Second, reviews should be portfolio-specific. Servicers can save substantial research costs if they are able to identify and easily confirm clean portfolios composed of self-originated loans and MOM loans. These loans will generally have no prior assignment chains, so land-records research is typically unnecessary.
Identifying the problematic groups of loans in a portfolio is essential. Seasoned and complicated acquisitions or securitizations should be clearly identified as trouble spots in a portfolio.
Reviews should also be conducted when buying or selling portfolios. If a servicer is buying or selling a loan portfolio, this is an opportune time to have the portfolio thoroughly examined. Taking this step will help servicers prepare loans for future sales, present loan packages to potential buyers and prevent future buybacks. If purchasing a portfolio, servicers can have the files reviewed in advance to avoid purchasing files with hidden risks.
Review practices to avoid
Misleading collateral files. Relying solely on the contents of what was in a collateral file can be misleading. For example, collateral files commonly contain old, unrecorded, fully executed original assignments that can appear to resolve a missing-assignment issue. However, blindly recording this document might actually cloud the title by complicating an assignment chain. Or, unbeknownst to the party that is recording the document, the executed assignment could turn out to be erroneous.
Servicers should first validate what assignments were actually recorded at the county to determine if the unrecorded assignment from the collateral file is necessary and what specific assignments are missing, if any.
During our reviews, we often find that the assignment in the file was already recorded or that something entirely different is on record. We have learned you can never be entirely sure unless you check first.
Downside of custodial reports. It is no longer a good practice to rely solely on custodial reports as a single source of information for a review of the collateral. Custodians are necessary to validate that the documentation in the collateral file meets agency guidelines.
However, it is often discovered that the files are not current and custodians are not reviewing documents in the same way that an experienced assignment provider would.
While they are likely doing everything they are supposed to be doing to meet agency guidelines, custodians do not confirm what is also on land record and often try to match assignments to the endorsement chain, which is sometimes impossible to match exactly. Hence, we sometimes find that the assignment requested by a custodian, if prepared and recorded, could inadvertently cloud title rather than fix the chain. We often have to go back to the custodian on behalf of clients and explain what is truly needed to complete a chain of assignments.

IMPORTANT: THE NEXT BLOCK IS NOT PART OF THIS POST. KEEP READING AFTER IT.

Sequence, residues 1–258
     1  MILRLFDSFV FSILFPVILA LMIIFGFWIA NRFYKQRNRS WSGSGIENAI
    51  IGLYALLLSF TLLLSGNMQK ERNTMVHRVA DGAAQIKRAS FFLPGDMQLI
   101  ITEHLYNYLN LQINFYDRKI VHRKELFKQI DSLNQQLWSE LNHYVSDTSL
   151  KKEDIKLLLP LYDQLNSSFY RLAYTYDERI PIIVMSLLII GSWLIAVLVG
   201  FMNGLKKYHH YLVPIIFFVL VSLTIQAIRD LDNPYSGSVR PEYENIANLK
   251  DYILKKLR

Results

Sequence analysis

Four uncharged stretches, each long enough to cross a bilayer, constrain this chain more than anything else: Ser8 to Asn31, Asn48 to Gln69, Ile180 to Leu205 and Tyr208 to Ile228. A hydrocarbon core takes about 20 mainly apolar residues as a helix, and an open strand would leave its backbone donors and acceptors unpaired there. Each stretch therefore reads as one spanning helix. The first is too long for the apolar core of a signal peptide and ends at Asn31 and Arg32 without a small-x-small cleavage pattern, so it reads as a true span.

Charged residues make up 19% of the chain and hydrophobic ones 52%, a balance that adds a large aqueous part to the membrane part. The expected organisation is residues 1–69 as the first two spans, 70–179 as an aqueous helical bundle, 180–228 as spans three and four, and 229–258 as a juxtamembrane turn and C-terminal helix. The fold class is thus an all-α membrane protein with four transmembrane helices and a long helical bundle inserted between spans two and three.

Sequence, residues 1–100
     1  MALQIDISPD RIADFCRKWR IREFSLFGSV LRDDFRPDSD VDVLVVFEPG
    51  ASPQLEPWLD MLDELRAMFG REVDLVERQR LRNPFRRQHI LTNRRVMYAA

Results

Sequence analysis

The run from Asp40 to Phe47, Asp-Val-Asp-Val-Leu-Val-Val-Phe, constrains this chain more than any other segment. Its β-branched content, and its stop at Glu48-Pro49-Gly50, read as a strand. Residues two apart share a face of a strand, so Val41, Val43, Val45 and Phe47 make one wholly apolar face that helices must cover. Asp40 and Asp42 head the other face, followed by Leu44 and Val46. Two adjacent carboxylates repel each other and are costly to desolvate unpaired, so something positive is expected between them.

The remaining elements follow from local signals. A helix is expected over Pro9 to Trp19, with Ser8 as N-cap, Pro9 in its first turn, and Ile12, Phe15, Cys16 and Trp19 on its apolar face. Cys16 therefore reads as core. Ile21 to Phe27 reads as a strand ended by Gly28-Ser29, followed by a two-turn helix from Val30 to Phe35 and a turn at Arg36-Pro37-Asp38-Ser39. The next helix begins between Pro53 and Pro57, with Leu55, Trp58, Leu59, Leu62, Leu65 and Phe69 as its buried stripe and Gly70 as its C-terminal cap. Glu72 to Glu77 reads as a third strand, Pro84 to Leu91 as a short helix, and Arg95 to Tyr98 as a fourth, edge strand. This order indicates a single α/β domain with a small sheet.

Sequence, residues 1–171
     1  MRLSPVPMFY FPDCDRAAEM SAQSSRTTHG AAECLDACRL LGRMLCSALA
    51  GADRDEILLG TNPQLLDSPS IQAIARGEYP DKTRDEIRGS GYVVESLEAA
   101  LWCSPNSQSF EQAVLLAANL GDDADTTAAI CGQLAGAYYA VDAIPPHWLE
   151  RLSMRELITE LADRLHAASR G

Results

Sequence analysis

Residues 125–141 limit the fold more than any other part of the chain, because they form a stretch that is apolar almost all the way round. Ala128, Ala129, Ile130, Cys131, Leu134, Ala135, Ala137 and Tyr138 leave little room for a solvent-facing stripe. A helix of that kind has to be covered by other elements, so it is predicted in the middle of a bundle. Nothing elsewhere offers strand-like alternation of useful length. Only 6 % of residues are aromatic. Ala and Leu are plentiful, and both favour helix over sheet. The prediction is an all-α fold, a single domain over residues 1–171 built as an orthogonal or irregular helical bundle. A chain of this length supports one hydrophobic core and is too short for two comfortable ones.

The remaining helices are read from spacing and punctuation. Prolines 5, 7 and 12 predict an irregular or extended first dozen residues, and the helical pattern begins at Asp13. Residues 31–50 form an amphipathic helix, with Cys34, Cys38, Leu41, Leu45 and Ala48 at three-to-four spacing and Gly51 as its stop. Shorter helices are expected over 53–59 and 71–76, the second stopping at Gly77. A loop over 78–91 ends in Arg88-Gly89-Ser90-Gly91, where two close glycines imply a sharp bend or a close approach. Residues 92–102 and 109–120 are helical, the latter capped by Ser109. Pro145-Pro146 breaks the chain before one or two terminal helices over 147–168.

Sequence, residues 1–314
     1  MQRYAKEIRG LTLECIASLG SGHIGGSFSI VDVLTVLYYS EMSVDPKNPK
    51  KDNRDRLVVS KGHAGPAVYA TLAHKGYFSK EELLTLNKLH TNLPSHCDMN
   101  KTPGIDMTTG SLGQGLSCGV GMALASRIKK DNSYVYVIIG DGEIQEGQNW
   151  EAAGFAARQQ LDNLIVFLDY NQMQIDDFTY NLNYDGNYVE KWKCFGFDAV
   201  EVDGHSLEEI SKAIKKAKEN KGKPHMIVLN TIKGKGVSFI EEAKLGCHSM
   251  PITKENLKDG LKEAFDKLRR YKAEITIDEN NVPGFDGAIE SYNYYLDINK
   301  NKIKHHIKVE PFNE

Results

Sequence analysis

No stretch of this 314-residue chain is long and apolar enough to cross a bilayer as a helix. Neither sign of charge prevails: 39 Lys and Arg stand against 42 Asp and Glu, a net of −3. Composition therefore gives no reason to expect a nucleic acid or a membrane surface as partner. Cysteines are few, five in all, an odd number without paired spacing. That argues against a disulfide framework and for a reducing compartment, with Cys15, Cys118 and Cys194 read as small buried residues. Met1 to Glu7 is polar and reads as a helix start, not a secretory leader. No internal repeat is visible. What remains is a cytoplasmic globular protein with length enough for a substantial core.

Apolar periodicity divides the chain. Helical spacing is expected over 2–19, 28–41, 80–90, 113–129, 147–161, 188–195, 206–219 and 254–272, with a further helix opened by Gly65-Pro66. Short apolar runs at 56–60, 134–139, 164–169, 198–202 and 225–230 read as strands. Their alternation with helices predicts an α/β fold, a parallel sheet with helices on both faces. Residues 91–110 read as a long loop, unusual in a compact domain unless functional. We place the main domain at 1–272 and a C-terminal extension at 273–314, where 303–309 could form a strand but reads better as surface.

It is good to keep in mind that custodians have a specific purpose and that it is not to validate assignment chains, so servicers should use these reports only in combination with other sources and compare all of the pieces.
Drawbacks to imaging systems. Relying exclusively on imaging systems is also problematic. It is common for the imaging system to be missing a document or to have a document indexed incorrectly. It will cause servicers a lot of distress if there is a key document that is actually of record or contained in the collateral file that is not in their imaging system. This can make it appear that there is a gap in an assignment chain when, in fact, there may not be. Conversely, a document can appear to be in the name of MERS or a servicing firm when, in fact, there are additional unknown assignments on record.
Land-record pitfalls. Relying only on land records will also lead servicers astray in several ways. There may be a valid unrecorded assignment in the collateral file that could be used to resolve the assignment chain issue. It could also be that the last assignment of record was recorded out of order, or that there is an earlier break/inaccuracy in the assignment chain.
Servicers would not recognize these defects if they only retrieved the most recently recorded assignment of record and did not review the entire chain. It often takes a trained expert examiner to review all sources of information to piece the puzzle together to determine what, if any, assignment chain issues exist for a mortgage.
Only after reviewing all information sources (collateral files, imaging systems and land records) and determining there is a missing assignment in the chain should servicers begin the research to locate a prior beneficiary (or authorized entity) to obtain a missing assignment.
Jeremy Pomerantz is senior vice president of marketing and sales at Palm Harbor, Fla.-based Nationwide Title Clearing. This article was adapted from a white paper titled "Understanding Current Assignment Validation & Execution Practices," which is available on Nationwide Title Clearing's website, www.nwtc.com. Pomerantz can be reached at (800) 346-9152, ext. 227, or firstname.lastname@example.org.